What about making a diagnosis?

There’s no need for a diagnosis.

Although you can, the approach does not require you to figure out what might be wrong or damaged.


It is important, however, to ensure there are no contra-indications for musculoskeletal therapy and physical activity.

Can I work in a different order than the order proposed?

Of course, you can.

The sequence RedPill suggests is based on the number of connections between (among) the organs involved. However, it’s just one way to approach the order of things.


For example, if you feel joints are most important, you can evaluate the involved bones (bones make up joints) before any of the other organs. And, if you think deep fasciae is most important, you can evaluate it before looking at anything else.


Simply cherry pick your way through the list. Start at the bottom of the 4th column and work your way up by whichever organs you feel require your attention first.


Don’t forget to select the thumbs-up and thumbs-down buttons as you go.

I only work on certain (soft) tissues. Can I limit the output of the app to only muscles and deep fasciae?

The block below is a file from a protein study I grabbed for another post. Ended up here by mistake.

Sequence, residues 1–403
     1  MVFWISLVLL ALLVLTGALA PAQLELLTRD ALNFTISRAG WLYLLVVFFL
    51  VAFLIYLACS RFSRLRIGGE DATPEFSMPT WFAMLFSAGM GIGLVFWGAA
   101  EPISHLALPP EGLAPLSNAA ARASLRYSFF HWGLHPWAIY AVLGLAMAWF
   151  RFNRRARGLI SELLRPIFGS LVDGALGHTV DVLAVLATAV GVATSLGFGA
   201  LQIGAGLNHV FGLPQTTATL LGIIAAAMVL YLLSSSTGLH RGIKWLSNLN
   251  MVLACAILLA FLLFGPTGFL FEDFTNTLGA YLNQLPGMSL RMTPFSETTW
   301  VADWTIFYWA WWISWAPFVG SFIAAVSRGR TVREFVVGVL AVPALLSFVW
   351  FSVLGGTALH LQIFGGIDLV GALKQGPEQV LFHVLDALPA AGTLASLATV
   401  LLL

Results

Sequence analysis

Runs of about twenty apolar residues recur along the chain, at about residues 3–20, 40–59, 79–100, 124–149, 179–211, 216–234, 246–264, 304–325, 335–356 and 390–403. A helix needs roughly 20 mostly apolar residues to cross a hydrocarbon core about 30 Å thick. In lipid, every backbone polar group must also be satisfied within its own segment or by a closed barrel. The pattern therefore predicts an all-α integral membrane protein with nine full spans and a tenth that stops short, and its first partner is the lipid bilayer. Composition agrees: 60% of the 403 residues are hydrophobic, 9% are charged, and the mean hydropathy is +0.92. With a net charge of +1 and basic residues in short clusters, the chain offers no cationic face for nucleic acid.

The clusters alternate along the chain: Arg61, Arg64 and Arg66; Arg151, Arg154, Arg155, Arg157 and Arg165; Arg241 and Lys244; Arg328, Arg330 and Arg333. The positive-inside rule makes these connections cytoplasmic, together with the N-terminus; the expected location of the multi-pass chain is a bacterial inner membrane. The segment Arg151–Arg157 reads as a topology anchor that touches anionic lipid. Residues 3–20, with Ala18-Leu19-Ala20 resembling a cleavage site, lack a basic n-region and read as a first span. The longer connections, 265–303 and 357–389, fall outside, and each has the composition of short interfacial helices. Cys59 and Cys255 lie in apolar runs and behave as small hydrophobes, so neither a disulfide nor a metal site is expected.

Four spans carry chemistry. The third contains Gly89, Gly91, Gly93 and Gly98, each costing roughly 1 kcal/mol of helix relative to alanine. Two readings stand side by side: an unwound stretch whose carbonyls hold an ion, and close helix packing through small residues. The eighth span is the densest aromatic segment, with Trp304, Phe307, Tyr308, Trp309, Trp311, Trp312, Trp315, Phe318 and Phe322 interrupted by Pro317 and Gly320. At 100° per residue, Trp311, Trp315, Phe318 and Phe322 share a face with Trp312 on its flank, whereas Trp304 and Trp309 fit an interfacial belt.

Yes, you can.

With the “results filter” you can change what you see. You can limit the output to whatever you’d like.


Please remember that limiting the output might hide important parts of the puzzle, which in turn can affect your treatment results.


Note: If you use the filter the progress-meter resets, all the thumbs you selected go back to neutral.

Why start every therapy session at the beginning, at bottom of the 4th column?

You start every session at the beginning to make sure you do not miss, or skip over, a dysfunction, and to check the quality of your work during the previous sessions.

A body changes constantly – for better or for worse. Physical activity or lack thereof, quality of sleep, mood, what we eat and drink, everything we do affects the function of our muscles, deep fasciae, and nerves.


Deep fasciae become more or less pliable, nerves more or less mobile, muscles become stronger or weaker, and so forth.